Quaint and Curious - Parodies and Pastiches of Poe's The Raven

The Ager

The Big Blue Union (Marysville, Kansas) Dec 2 1865 • The Clarksville Weekly Chronicle Jan 5, 1866 (as by “A. Poet”) • The Evansville Journal (Vanderburgh County) May 31 1867 • The Morning Union Oct 24 1871 • ...

Once upon an evening bleary,
While I sat me dreamy, dreary,
In the sunshine, thinking over
Things that passed in days of yore;
While I nodded, nearly sleeping,
Gently came a something creeping
Up my back, like water seeping—
Seeping upward from the floor.
“’Tis a cooling breeze,” I muttered,
From the regions ’neath the floor—
Only this, and nothing more.”
Ah! distinctly I remember
It was in that wet September,
When the earth and every member
Of creation that it bore
Had for days and weeks been soaking
In the meanest, most provoking
Foggy rains that, without joking,
We had ever seen before;
So I knew it must be very
Cold and damp beneath the floor—
Very cold beneath the floor.
So I sat me nearly napping,
In the sunshine, stretching, gaping,
Craving water, but delighted
With the breeze from ’neath the floor,
Till I found me waxing colder,
And the stretching growing bolder,
And myself a feeling older—
Older than I’d felt before;
Feeling that my joints were stiffer
Than they were in days of yore—
Stiffer than they’d been before.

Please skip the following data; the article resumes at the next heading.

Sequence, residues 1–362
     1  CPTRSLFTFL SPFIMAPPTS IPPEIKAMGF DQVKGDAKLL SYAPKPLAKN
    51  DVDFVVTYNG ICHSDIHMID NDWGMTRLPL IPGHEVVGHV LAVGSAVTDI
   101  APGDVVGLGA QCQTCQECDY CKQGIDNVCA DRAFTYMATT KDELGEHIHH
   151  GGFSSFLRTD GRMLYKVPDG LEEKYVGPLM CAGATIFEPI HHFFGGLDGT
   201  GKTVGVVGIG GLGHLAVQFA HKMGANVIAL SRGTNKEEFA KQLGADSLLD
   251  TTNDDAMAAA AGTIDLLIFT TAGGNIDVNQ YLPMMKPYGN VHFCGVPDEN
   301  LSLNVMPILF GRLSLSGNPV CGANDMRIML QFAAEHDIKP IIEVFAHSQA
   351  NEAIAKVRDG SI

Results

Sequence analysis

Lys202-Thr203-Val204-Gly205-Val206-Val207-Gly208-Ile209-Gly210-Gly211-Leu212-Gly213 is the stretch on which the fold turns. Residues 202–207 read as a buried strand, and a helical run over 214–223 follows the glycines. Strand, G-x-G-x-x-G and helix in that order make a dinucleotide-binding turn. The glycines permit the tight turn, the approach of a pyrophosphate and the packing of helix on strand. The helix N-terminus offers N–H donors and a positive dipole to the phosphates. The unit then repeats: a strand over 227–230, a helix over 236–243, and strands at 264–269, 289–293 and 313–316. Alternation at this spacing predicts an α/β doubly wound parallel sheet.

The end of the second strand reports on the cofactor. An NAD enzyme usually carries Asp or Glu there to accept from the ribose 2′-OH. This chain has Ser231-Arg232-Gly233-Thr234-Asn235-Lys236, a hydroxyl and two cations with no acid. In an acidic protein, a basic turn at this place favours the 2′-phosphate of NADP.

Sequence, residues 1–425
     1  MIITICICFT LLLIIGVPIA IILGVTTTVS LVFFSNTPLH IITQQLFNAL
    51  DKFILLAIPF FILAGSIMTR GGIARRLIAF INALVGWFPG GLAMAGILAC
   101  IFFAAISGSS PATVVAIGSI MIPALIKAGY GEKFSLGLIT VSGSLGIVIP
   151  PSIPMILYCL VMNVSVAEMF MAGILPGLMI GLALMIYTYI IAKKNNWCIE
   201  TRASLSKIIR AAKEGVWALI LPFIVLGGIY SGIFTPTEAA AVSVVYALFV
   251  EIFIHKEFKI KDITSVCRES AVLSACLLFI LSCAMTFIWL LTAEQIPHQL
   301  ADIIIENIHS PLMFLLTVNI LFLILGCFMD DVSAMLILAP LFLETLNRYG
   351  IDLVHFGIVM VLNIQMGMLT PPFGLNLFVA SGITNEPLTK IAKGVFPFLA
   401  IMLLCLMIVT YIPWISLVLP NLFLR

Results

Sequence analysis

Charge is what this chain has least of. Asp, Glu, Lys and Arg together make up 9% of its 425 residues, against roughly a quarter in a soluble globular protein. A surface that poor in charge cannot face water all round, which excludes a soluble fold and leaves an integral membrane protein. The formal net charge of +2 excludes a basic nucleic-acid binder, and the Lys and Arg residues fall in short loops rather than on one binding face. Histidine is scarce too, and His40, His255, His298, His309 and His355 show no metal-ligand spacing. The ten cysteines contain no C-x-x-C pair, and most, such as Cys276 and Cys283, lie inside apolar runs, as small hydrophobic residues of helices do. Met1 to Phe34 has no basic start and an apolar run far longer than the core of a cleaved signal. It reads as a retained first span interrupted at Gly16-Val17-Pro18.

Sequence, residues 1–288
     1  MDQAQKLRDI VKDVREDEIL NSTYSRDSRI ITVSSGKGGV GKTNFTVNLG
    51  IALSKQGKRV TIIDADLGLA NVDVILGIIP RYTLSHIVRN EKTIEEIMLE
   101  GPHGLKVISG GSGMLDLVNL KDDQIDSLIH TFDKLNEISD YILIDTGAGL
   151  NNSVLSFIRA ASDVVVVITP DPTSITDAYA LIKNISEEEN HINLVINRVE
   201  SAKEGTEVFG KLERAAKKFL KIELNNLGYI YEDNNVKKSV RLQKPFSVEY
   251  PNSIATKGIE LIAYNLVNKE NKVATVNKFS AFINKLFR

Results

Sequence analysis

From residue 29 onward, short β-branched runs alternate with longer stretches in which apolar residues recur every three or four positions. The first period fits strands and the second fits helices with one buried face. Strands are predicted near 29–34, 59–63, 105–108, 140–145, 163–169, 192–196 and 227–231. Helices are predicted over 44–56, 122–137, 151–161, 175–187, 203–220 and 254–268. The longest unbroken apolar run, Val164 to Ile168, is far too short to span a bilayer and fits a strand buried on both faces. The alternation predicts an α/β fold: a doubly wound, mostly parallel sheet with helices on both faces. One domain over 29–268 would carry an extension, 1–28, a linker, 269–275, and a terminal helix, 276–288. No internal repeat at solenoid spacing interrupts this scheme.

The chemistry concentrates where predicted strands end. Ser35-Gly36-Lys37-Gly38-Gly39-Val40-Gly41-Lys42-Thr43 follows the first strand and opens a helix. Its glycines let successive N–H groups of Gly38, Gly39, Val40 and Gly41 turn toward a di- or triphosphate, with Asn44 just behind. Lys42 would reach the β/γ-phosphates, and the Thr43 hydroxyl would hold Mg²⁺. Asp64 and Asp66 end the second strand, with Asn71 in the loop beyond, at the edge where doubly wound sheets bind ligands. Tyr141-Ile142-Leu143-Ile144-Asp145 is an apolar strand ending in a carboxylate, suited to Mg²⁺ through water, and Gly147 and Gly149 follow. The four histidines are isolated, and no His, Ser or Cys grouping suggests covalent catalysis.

All along my back the creeping
Soon gave place to rushing, leaping,
As if countless frozen demons
Had concluded to explore
All the cavities — the “varmints”—
’Twixt me and my nether garments,
Up into my hair and downward
Through my boots into the floor:
Then I found myself a shaking,
Gently first, but more and more—
Every moment more and more.
’Twas the “ager,” and it shook me
Into many clothes, and took me
Shaking to the kitchen — every
Place where there was warmth in store;
Shaking till the dishes clattered,
Shaking till the tea was spattered,
Shaking, and with all my warming
Feeling colder than before;
Shaking till it had exhausted
All its powers to shake me more—
Till it could not shake me more.
Then it rested till the morrow,
Then resumed with all the horror
That it had the face to borrow,
Shaking, shaking as before;
And from that day in September—
Day that I shall long remember—
It has made diurnal visits,
Shaking, shaking, oh so sore!
Shaking off my boots, and shaking
Me to bed, if nothing more—
Fully this, if nothing more.
And to-day the swallows flitting
Round my cottage see me sitting
Moodily within the sunshine
Just inside my silent door,
Waiting for the ages, seeming
Like a man forever dreaming,
And the sunlight on me streaming
Throws no shadows on the floor;
For I am too thin and sallow
To make shadows on the floor;
’Nary shadow — any more!

J Parish Stelle was editor of The Progressive Farmer, and of the agricultural department of The Mobile Register. He was also the author of The American Watchmaker and Jeweller: A Full and Comprehensive Exposition of All The Latest and Most Approved Secrets of the Trade (1873), and The Gunsmith’s Manual (1883).

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